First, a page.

Structures of constraint and women’s paid work in Pakistan
1Ph.D. Economics, University of Massachusetts Amherst, Faculty of Habib University, Karachi, Pakistan
Received: 18 March 2021 Accepted: 2 June 2021 Available Online: 4 June 2021
Keywords: gender inequality, labor force participation, structures of constraint
JEL classification: J2, J4, J7
Citation: Khalil, S. (2021). Structures of constraint and women’s paid work in Pakistan, Review of Socio-Economic Perspectives, Vol 6(2), 11-30.
This paper examines the role of different structures of constraint in restricting women’s access to paid work in Pakistan. Using data from the Pakistan Bureau of Statistics and Pakistan Demographic Health Surveys, it offers a descriptive analysis of men and women’s labor market outcomes in Pakistan, evincing gender inequalities. Although female labor force participation rates in Pakistan have risen over 1990-2018, much of this increase might have come from informal employment in rural areas, within the category of self-employment and family work. Female employment is largely segregated to the agricultural sector (66%), followed by the manufacturing sector (16%). From 2013 to 2018, employment in the manufacturing sector grew faster for women than for men. However, much of this increase came from a sharp growth in the female share in the category of self-employment and contributing family work (by 39 percentage points); men’s share in that category declined slightly (by 3 percentage points). Female shares in wage and salaried employment declined both in agricultural (15 percentage points) and manufacturing (27 percentage points) sectors while the corresponding male shares rose (albeit marginally). This essay argues that various structures of constraint on the supply-side such as early childbearing patterns, patriarchal rules regarding seclusion and marriage, and a larger burden of unpaid care-work under the joint-family system restrict women’s participation in paid work. Similarly, on the demand-side, pervasive systematic discrimination, wherein job ads explicitly demand male candidates, discourages women’s preferences for and access to paid work.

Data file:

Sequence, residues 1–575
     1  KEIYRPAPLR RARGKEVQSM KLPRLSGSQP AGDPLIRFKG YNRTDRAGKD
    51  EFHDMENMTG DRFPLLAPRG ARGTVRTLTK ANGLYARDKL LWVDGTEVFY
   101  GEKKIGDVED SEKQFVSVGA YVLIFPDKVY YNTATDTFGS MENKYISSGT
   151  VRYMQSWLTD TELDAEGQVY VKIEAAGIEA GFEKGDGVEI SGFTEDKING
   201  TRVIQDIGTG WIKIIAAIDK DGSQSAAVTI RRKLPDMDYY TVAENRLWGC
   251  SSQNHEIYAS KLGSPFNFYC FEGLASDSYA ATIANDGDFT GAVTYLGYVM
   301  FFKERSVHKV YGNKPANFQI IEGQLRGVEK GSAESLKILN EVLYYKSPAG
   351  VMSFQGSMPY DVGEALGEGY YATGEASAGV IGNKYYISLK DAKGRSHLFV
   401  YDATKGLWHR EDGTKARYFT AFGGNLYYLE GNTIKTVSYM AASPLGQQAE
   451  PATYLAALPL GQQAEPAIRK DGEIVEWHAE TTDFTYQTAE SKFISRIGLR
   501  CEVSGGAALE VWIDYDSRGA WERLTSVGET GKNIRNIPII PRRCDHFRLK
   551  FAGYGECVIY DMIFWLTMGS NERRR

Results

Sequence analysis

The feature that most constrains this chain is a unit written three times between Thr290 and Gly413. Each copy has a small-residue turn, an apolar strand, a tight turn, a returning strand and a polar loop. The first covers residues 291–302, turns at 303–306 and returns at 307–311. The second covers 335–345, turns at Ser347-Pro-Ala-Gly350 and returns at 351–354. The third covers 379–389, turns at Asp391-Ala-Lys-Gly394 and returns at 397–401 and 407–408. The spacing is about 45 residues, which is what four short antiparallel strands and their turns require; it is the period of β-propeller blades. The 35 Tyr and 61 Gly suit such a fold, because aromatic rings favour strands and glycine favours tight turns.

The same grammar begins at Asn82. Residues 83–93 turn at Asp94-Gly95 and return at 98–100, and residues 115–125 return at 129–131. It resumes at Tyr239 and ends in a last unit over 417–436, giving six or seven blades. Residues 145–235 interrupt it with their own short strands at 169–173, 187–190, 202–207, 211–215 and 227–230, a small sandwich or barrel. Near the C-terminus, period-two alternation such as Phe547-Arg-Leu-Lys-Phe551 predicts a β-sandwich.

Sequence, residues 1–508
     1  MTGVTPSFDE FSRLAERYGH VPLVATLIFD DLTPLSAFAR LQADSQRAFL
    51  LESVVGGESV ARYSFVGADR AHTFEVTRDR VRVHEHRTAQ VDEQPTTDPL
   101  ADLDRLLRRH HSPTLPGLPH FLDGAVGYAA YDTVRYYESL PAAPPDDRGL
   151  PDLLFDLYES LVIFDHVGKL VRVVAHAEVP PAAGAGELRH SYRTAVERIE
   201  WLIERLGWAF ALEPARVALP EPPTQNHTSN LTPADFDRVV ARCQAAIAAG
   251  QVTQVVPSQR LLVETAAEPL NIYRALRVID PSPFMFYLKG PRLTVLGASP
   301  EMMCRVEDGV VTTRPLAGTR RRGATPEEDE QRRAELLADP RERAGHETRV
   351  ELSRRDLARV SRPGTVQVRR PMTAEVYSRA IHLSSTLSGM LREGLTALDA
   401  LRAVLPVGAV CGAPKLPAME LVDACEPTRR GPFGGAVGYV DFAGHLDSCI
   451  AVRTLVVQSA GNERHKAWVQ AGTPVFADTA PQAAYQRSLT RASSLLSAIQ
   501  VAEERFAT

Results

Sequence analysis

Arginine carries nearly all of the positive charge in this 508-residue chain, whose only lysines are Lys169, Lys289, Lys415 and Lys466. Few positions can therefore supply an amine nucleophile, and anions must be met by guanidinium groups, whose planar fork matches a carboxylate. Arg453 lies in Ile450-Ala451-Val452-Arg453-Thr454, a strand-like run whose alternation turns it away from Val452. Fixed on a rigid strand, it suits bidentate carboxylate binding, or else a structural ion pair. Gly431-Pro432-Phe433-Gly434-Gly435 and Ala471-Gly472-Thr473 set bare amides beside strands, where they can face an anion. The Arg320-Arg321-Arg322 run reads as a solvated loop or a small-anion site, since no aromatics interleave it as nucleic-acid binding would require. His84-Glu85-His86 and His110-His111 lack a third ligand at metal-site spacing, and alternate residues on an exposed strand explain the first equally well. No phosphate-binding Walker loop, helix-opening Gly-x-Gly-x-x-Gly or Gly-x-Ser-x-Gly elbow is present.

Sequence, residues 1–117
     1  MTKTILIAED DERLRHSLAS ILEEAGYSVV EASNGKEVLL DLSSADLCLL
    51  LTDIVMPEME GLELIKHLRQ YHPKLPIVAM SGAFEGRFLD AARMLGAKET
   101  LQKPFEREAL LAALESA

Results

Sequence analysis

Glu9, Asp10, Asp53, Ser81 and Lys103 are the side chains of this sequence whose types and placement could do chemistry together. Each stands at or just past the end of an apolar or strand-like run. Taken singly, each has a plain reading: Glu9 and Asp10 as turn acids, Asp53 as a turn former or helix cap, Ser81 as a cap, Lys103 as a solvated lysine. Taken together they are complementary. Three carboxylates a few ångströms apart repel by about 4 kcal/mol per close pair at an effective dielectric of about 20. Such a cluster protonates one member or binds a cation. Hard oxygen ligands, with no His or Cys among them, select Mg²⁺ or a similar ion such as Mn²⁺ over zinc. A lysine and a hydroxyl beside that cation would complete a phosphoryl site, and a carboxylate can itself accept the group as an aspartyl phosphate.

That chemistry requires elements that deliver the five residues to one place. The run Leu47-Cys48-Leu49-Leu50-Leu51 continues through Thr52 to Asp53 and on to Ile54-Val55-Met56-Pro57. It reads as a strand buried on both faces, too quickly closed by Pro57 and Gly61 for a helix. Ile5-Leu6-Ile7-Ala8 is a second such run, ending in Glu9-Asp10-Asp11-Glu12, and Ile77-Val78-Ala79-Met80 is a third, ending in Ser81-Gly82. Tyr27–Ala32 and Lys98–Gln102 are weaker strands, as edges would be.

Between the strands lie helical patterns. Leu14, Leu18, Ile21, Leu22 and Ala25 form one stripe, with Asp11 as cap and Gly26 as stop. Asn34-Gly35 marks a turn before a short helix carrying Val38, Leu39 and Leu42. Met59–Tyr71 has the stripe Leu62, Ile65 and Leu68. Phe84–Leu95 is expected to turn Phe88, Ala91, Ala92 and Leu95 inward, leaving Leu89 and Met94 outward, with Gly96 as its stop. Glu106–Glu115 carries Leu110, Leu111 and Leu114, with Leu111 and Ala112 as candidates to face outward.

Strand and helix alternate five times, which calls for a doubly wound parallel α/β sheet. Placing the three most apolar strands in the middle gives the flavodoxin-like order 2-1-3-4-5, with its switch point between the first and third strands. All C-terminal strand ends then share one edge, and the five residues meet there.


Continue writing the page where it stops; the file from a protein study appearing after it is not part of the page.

Article Type: Original Paper
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